At Oakton Community College in the northwest suburbs, there’s a group of employees whose entire job is to get Oakton students to leave the school.
Brian Bacon is one of them.
“We consider ourselves to be an institution where our students are primarily considering transfer eventually,” said Brian Bacon, a “transfer coordinator” at the Des Plaines two-year college.
Bacon helps current Oakton students figure out how to use the community college as a springboard to eventually transfer somewhere else. Often, that’s to a four-year college or university where the student can earn a bachelor’s degree.
And it seems to be working. Illinois now leads the country in the rate of community college students who transfer to a four-year school and earn a bachelor’s degree in six years or less, according to new data from the National Student Clearinghouse, which tracks where students attend college nationally.
“There are many parents who want ... their kids to go away to a four-year school right after high school and it is a great choice for a lot of students,” said Anne Brennan, assistant vice president for academic affairs and college transitions at Oakton Community College. “But there’s other families who say, you know, ‘that’s not the best choice.’”
Making it from a two-year to a four-year college
As a self-described “transfer institution,” Oakton directs students toward courses that will help them move on to a four-year school, typically in math, writing, and science, and sociology or the fine arts. Sometimes, students start taking courses required for their intended major. The more help students get, officials say, the more likely is it that they’ll complete community college in two years and transfer.
Oakton also signed on to a statewide agreement that tries to make transferring from two to four-year colleges or universities as easy as possible. The “Illinois Articulation Initiative” has been around for more than 25 years.
“It was about creating that solid foundation to help Illinoisans know that they wouldn’t have to retake coursework somewhere else,” said Stephanie Bernoteit, deputy director of academic affairs with the Illinois Board of Higher Education. Faculty from participating schools review course syllabi regularly to make sure courses meet an agreed-upon standard. If they do, then all schools involved will accept those credits. More than 100 colleges participate, including most community colleges, all public universities and many private colleges, including DePaul, Loyola, and Roosevelt universities.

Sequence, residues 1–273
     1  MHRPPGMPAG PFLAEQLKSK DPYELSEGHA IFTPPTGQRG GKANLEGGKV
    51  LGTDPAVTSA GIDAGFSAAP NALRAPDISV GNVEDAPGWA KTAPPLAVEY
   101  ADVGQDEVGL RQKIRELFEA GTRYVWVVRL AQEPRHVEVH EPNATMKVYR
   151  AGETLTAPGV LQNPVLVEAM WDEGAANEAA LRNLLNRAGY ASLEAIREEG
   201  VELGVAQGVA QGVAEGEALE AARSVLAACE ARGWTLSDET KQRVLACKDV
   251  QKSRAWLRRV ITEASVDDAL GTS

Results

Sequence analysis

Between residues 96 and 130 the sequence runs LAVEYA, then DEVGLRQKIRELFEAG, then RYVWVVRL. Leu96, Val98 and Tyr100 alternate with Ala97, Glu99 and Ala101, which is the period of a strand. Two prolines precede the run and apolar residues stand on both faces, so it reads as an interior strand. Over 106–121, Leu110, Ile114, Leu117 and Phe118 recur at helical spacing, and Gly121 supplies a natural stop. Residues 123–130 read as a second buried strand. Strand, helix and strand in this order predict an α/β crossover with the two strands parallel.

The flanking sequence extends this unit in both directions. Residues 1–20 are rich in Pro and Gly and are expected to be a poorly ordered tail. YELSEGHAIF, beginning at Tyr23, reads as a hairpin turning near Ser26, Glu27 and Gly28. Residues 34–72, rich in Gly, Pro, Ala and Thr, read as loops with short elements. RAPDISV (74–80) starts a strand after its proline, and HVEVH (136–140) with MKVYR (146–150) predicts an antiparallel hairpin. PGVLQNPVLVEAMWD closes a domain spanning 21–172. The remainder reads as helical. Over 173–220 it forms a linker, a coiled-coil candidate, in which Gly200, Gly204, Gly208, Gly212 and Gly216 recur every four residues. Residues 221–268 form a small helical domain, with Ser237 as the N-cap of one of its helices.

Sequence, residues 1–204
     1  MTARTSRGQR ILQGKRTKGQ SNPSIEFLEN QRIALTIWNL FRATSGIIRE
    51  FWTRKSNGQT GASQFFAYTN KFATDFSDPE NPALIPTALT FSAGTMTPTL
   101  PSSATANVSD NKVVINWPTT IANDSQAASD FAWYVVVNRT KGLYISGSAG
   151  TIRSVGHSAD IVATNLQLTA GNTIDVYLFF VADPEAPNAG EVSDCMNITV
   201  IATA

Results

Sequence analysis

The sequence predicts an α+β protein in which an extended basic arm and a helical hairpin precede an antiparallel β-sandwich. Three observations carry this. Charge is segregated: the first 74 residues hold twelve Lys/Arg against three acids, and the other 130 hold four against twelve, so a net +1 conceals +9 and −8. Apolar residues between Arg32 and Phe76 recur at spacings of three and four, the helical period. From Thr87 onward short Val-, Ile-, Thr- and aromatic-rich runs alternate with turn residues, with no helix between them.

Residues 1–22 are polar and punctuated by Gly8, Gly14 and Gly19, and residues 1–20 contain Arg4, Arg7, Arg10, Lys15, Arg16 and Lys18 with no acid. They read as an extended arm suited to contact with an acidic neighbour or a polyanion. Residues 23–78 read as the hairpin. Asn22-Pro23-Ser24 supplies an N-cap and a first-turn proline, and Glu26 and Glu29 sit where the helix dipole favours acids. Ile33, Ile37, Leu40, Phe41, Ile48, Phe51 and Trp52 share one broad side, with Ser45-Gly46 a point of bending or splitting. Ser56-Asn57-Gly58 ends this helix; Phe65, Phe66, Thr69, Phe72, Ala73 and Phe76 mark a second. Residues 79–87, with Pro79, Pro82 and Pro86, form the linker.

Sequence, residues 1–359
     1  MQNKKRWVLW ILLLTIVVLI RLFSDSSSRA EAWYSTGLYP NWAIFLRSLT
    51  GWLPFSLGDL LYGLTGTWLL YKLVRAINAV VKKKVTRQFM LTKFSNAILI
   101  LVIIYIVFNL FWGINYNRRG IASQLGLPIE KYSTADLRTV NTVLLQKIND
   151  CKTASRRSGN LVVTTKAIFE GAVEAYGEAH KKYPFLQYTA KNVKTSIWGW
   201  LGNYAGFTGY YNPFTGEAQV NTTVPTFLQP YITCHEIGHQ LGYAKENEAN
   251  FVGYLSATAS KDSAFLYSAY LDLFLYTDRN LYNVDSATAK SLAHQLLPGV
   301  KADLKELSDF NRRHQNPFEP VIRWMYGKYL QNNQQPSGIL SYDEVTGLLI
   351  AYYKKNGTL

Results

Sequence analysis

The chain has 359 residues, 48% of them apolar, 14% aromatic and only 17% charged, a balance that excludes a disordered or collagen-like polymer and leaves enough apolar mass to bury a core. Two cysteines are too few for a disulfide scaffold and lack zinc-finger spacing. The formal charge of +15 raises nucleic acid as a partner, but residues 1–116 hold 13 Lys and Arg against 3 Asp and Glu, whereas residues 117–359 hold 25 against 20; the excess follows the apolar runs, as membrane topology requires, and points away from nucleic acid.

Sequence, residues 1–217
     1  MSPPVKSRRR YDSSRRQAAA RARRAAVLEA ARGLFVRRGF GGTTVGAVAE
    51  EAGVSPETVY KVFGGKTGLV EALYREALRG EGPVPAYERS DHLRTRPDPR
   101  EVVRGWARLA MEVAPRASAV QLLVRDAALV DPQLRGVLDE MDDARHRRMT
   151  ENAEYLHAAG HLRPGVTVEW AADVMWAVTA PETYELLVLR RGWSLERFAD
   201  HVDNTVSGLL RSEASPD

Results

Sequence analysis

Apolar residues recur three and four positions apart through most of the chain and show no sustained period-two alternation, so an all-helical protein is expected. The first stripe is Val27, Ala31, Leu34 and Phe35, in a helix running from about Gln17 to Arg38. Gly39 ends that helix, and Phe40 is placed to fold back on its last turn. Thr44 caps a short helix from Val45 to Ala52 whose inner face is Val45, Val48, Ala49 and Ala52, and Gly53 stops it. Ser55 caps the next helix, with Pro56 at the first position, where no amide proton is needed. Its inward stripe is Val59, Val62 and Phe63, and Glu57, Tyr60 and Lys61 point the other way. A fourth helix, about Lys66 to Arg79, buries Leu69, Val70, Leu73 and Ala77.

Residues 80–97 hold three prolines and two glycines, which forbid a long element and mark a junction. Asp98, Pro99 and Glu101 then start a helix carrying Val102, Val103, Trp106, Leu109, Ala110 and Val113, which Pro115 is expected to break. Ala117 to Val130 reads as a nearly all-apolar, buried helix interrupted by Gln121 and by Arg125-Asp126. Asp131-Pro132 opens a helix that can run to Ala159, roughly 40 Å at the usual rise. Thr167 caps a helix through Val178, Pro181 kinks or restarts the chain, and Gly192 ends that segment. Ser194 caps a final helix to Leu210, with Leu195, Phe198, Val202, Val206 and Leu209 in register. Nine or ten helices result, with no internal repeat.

There’s also a website called MyTransferCredits.com where Illinois students can plug in their courses to see which schools will take their credits.
All these efforts are adding up. According to this new data, 54 percent of students who entered community college in 2010 (the most recent data) and transferred in two years earned their four-year degree within six years of transferring.
This data doesn’t include students who took college level courses while they were still in high school. IBHE said if those students were included, the percentage of students transferring and graduating from a four-year school would be even higher.
“The fact that more than half the students who get bachelor's degrees have some transfer work in there and most of that transfer work comes from a community college has been this really quiet story that doesn’t really follow you and get talked about when you’re working,” said Brennan.
But the data also shows that Illinois, and the country, have more work to do. Only 35 percent of the 33,000 students who entered a two-year school in 2010 transferred to a four-year school. While half of those students eventually earned their bachelor’s, that amounts to just 18 percent of the 2010 cohort. That’s just 6,000 out of the original 33,000 students.
Bernoteit of the Illinois Board of Higher Education said that’s a lot of money squandered along the way.
“One of those most expensive things a student can do is begin a college course of study, not complete, and not have ability to achieve the kind of employment opportunities that would’ve made that short time in school worthwhile.” Bernoteit said. “So we want to see every student who starts complete.”
Bernoteit suggested increasing state money for the Monetary Award Program, which provides grants for low-income students who attend approved Illinois colleges. She also advocated for additional help for adults who have some college credit and want to re-enter college to earn a degree.